2. Remove the toilet seat
Completely remove the toilet seat and set it inside your bathtub or shower. “Spray it down with a disinfecting bleach cleaner and allow the product to sit according to the label instructions,” Amaro says. “When tackling the bathroom, I always clean the toilet first, followed by the shower or tub. That way, I’m not setting the dirty seat inside my recently cleaned tub.”
3. Add toilet bowl cleaner
Squirt the toilet bowl cleaner inside the bowl and let it sit for the recommended time. If you’d like to make a homemade solution, Sokolowski says to pour 2 cups of vinegar into the toilet bowl and 1 cup of baking soda. When the solution stops fizzing, spread it over the bowl with the toilet brush. Leave it for 10 to 15 minutes.
4. Clean the rim
While the toilet bowl cleaner is working, spray the toilet bowl rim with a disinfecting bleach cleaner and wipe it down with paper towels. “I love using reusable microfiber cloths when it comes to most areas of my home, but when cleaning the toilet, I stick to paper towels that I can throw away when I’m done,” Amaro says.
5. Scrub down the toilet bowl
After wiping the seat area and letting the bowl cleaner work its magic, take a toilet brush and scrub down the bowl. Flush when you’re done.
6. Clean the exterior of the toilet
Spray down the entire exterior of the toilet, including the base and exterior of the tank, with a disinfecting cleaner. Wipe down with paper towels. “Make sure you’re cleaning all the way down to where your toilet meets the floor,” Amaro says. “You never know what’s lingering down there, and paper towels and a disinfecting cleaner is the best way to tackle this hard-to-reach area.”
7. Mop the surrounding area
Amaro recommends mopping your bathroom floor to make sure you’re picking up any remaining mess, especially in the area around the base of your toilet. Whether you’re cleaning tile floors, cleaning laminate floors or cleaning marble floors in your bathroom, you’ll want to follow these floor-cleaning tips.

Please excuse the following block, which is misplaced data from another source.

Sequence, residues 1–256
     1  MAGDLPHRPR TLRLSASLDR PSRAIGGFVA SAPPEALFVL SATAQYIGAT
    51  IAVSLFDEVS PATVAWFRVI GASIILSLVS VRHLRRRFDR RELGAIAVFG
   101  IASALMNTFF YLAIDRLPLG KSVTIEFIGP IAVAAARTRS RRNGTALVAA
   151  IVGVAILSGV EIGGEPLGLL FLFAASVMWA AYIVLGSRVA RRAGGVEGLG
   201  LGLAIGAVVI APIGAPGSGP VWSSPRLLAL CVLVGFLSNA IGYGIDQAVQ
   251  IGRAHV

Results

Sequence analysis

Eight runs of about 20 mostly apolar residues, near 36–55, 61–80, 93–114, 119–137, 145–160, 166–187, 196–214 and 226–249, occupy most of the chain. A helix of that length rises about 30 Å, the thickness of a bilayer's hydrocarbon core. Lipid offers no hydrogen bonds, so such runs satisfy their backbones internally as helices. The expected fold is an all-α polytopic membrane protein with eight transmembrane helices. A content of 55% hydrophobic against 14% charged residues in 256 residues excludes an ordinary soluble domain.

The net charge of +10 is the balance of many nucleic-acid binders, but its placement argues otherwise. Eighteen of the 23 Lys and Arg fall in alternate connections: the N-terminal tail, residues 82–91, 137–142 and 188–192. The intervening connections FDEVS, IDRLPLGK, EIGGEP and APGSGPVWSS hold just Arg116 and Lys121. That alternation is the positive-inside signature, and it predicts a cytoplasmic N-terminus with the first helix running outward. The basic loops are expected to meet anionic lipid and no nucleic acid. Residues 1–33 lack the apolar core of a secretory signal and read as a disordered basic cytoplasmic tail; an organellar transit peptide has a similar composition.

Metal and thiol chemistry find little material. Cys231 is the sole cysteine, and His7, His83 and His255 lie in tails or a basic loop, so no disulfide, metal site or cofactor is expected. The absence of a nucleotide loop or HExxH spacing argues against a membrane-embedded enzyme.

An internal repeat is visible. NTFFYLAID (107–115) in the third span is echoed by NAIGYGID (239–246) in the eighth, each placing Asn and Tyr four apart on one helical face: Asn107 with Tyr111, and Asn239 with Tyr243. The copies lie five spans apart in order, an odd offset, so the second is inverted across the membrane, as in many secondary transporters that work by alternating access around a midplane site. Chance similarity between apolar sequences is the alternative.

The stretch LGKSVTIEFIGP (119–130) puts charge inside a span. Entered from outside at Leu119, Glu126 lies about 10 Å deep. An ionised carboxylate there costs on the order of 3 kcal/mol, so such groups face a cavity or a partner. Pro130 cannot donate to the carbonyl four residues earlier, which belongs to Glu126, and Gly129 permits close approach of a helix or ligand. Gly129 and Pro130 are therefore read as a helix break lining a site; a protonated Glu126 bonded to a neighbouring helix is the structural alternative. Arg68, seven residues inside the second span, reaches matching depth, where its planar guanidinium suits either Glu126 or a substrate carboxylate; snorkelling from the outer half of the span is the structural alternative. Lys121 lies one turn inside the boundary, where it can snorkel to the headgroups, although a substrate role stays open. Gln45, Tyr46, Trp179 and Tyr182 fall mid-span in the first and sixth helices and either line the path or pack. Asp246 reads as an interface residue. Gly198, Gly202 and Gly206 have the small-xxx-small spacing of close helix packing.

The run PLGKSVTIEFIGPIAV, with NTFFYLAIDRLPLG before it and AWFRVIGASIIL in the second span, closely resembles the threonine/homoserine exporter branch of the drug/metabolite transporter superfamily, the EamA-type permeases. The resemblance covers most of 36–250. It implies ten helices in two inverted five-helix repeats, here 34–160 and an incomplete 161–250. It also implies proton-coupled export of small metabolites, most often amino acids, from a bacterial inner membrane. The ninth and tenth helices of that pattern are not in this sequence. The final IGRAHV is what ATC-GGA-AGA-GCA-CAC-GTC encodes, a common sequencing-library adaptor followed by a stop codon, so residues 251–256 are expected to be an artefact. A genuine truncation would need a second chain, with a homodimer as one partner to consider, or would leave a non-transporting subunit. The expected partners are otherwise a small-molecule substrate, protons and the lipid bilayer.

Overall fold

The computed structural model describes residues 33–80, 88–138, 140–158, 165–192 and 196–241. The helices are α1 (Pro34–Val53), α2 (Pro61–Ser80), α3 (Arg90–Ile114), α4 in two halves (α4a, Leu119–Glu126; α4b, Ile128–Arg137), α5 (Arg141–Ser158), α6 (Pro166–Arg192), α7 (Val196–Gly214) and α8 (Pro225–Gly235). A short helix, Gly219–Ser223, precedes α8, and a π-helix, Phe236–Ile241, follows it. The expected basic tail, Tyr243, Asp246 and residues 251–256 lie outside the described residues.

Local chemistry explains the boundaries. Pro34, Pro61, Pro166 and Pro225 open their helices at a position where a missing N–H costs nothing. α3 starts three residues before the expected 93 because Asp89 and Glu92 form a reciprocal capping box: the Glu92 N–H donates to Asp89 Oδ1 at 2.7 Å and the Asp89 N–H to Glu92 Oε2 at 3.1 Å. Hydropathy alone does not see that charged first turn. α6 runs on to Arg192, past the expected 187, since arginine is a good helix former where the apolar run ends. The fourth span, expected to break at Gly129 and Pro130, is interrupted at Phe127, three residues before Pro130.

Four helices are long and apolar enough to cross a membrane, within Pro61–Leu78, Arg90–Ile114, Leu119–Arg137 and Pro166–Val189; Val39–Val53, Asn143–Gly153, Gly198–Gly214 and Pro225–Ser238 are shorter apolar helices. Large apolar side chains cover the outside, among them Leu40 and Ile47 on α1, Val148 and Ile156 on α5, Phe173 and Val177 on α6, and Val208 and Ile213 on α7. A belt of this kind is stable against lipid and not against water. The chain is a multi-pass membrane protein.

8. Disinfect your cleaning tools
Your cleaning tools also need a quick clean to avoid potentially spreading germs, Amaro notes. Putting your toilet brush away while it’s wet and dirty is one cleaning mistake that’ll make your home dirtier. Soak your toilet brush with a disinfecting cleaner. Then, after clipping your toilet seat back in place, set it between the seat and the rim so the brush can drip into the toilet. Allow the brush to dry fully.
How to clean a toilet tank
1. Pre-soak the tank with vinegar
If the tank has a lot of mineral buildup, you can add 4 cups of vinegar and allow it to soak for about an hour.
2. Empty the tank
Turn off the water valve and flush a few times until the tank drains completely, instructs Amaro.
3. Spray the tank down
Spray the inside of the tank with a bleach-free, disinfecting cleaner. “Don’t use bleach when cleaning your toilet tank,” says Amaro. “It can corrode the metal parts inside and lead to bigger issues for your toilet.”
4. Scrub the interior of the tank
After spraying the tank down, the real work starts. “Using a long-handled scrub brush, scrub along the walls, corners and bottom of the tank,” says Amaro. Wipe down the interior parts of the tank, like the ball float, flapper and handlebar, with a bit of bleach-free cleaner as well.
5. Refill the toilet
After completing the cleaning process, turn the water valve back on and allow the tank to refill.